When it comes to summer vegetables, May is prime planting time. Nighttime temperatures are in the 50s, daytime temperatures in the 70s and 80s, and there is little chance of a late frost. By May the soil has warmed up, too, giving bean, squash and cucumber seeds the conditions they want for sprouting and growing.
So why am I writing about summer gardens in March? Because now is the time to get your beds ready for the summer season.
First job: remove weeds. Cut them down, pull them, chop them up, but get them out of your garden beds before they go to seed. Now, while the soil is damp from spring rain, is the ideal time to do this. Weeds are relatively small now so you can pull them easily. If you wait until the ground is dry, you will not be able to remove roots so readily.
While you're at it, if you have unplanted areas around your garden beds, keep them mowed before the weeds set seeds. If you don't, the wind, birds and insects may spread weed seeds to your vegetable beds.
Second job: add amendments. Many Napa County soils are largely clay. Clay soil absorbs and retains water well, but it lacks good aeration. Adding organic matter, such as compost, will help lighten the soil. Organic material allows the soil to form aggregates, or clumps, that enable root growth.
Compost, homemade or purchased, is an inexpensive source of organic matter. Spread a two- to four-inch layer over your garden beds. You can allow the compost to sit on top for a week or two—a good idea if the compost is still warm to the touch—or dig it in right away.
If you are gardening in raised beds or containers that you filled with purchased topsoil or potting mix, you may notice that the soil level has subsided several inches. Commercial formulations for garden beds are usually a 50/50 mix of clean, screened dirt and organic material such as compost. In contrast, ordinary garden soil is only 5 to 10 percent organic matter. Over time, soil organisms like earthworms and fungi digest the organic matter. You will need to re-fill these beds with additional material.
Third, you probably need fertilizer. Newly dug ground often lacks nitrogen, as Napa County soils are typically low in this primary plant nutrient. And if you are using beds that have been planted before, the previous crops used up some of the nutrients.
Garden centers carry a variety of fertilizers, some formulated for a specific use, such as vegetables or citrus. Packaged fertilizers always give directions for application. Don't be tempted to use more than the recommended amount; too much fertilizer can “burn” plant roots and pollute water run-off.
You may have access to manure from backyard chickens or rabbits, or bedding from stabled horses. Generally, such organic matter should be aged for several weeks or composted before using, as fresh manures can also burn plant roots. Do not use manure from carnivorous animals such as dogs and cats. Diseases that affect these animals can also affect humans.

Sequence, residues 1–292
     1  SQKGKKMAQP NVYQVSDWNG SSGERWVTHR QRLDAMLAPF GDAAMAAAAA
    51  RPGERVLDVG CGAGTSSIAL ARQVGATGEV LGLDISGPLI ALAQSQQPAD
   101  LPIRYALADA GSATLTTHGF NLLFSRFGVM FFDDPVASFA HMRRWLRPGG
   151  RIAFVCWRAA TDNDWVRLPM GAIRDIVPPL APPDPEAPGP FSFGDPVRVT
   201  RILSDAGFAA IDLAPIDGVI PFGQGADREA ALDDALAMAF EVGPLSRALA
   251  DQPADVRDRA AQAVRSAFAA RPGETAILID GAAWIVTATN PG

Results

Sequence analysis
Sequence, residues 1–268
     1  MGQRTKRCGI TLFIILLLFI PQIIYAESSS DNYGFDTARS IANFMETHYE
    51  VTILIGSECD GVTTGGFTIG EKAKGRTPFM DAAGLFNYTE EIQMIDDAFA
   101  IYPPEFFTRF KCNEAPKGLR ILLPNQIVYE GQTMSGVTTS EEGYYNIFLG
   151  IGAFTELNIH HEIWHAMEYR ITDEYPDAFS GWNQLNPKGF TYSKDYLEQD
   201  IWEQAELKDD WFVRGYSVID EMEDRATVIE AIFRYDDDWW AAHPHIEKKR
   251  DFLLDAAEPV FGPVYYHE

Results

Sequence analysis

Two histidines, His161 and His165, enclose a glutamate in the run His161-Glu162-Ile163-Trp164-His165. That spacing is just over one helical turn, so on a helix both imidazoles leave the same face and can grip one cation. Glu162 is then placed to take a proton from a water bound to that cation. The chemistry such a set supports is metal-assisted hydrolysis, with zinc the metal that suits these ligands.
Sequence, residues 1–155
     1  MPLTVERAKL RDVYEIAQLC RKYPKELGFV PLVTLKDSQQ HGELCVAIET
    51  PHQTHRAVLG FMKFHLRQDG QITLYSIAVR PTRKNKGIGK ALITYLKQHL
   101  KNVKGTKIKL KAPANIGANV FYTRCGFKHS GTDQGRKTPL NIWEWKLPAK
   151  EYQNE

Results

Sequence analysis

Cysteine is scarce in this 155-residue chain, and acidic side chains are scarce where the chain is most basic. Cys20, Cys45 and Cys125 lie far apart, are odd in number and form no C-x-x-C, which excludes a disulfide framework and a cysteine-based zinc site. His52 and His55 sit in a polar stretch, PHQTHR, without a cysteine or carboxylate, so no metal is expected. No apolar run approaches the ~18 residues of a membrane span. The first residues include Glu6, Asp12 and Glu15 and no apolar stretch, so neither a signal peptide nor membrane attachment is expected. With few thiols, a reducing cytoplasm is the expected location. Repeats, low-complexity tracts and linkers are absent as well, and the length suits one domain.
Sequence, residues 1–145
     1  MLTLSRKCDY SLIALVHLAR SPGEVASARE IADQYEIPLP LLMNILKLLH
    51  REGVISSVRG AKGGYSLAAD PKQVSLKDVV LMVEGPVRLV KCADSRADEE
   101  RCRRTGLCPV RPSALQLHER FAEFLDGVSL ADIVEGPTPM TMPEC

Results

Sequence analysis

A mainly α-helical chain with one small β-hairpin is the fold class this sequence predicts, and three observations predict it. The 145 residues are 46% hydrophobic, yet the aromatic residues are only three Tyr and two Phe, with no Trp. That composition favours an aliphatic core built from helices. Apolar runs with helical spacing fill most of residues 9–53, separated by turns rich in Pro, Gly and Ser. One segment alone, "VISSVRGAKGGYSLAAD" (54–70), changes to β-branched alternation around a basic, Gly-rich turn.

Before you plant, set up your irrigation system and get support structures ready. In our climate, drip irrigation is the most efficient way to deliver water to plants without wasting it. Trust me, it is much easier to install a drip system before the plants go in the ground rather than after.Put up tomato cages and bean poles before the vegetables are planted.
Preparing the vegetable garden for summer can take some time, especially if you need to let compost or other organic matter age. But if your garden is ready for planting now, consider growing some quick, cool-season vegetables. After all, May is two months away, plenty of time to grow lettuce, radishes, beets, Asian greens, arugula or carrots. Why shouldn't your garden beds work just as hard as you do?
Workshop: Napa County Master Gardeners will conduct a workshop on “Ornamentals and Flower Gardens” on Saturday, March 21, from 9:30 a.m. to 11:30 a.m., at the University of California Cooperative Extension, 1710 Soscol Avenue, Napa. Learn about care and maintenance of ornamental shrubs and flowers in your garden. Discover how garden microclimates influence plant growth and success. Master Gardeners will also discuss hydrozoning and planting for seasonal color nearly year round, thus enticing more pollinators to your garden.Online registration (credit card only)Mail-in registration (cash or check only)
Master Gardeners are volunteers who help the University of California reach the gardening public with home gardening information. Napa County Master Gardeners ( http://ucanr.org/ucmgnapa/) are available to answer gardening questions in person or by phone, Monday, Wednesday and Friday, 9 a.m. to Noon, at the U. C. Cooperative Extension office, 1710 Soscol Avenue, Suite 4, Napa, 707-253-4143, or from outside City of Napa toll-free at 877-279-3065. Or e-mail your garden questions by following the guidelines on our web site. Click on Napa, then on Have Garden Questions? Find us on Facebook under UC Master Gardeners of Napa County.